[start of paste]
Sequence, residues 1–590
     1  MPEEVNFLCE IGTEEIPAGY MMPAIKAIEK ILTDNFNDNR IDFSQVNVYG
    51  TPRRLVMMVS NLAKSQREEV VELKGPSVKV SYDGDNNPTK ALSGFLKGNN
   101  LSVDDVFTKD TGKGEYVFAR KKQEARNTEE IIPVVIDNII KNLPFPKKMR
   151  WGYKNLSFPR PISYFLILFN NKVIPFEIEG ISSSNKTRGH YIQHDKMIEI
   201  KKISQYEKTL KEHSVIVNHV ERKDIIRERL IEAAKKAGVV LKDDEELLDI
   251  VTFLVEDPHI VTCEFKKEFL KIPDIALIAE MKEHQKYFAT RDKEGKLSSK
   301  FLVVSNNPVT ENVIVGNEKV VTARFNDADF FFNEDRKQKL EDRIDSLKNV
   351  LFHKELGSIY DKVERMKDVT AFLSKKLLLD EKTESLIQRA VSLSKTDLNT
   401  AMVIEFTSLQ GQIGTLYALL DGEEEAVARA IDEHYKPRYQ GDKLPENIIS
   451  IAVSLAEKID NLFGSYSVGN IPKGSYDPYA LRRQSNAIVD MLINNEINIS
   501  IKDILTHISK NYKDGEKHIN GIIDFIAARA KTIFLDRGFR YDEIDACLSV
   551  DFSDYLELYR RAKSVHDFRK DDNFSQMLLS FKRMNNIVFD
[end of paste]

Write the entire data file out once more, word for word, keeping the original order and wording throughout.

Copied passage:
Sequence, residues 1–590
     1  MPEEVNFLCE IGTEEIPAGY MMPAIKAIEK ILTDNFNDNR IDFSQVNVYG
    51  TPRRLVMMVS NLAKSQREEV VELKGPSVKV SYDGDNNPTK ALSGFLKGNN
   101  LSVDDVFTKD TGKGEYVFAR KKQEARNTEE IIPVVIDNII KNLPFPKKMR
   151  WGYKNLSFPR PISYFLILFN NKVIPFEIEG ISSSNKTRGH YIQHDKMIEI
   201  KKISQYEKTL KEHSVIVNHV ERKDIIRERL IEAAKKAGVV LKDDEELLDI
   251  VTFLVEDPHI VTCEFKKEFL KIPDIALIAE MKEHQKYFAT RDKEGKLSSK
   301  FLVVSNNPVT ENVIVGNEKV VTARFNDADF FFNEDRKQKL EDRIDSLKNV
   351  LFHKELGSIY DKVERMKDVT AFLSKKLLLD EKTESLIQRA VSLSKTDLNT
   401  AMVIEFTSLQ GQIGTLYALL DGEEEAVARA IDEHYKPRYQ GDKLPENIIS
   451  IAVSLAEKID NLFGSYSVGN IPKGSYDPYA LRRQSNAIVD MLINNEINIS
   501  IKDILTHISK NYKDGEKHIN GIIDFIAARA KTIFLDRGFR YDEIDACLSV
   551  DFSDYLELYR RAKSVHDFRK DDNFSQMLLS FKRMNNIVFD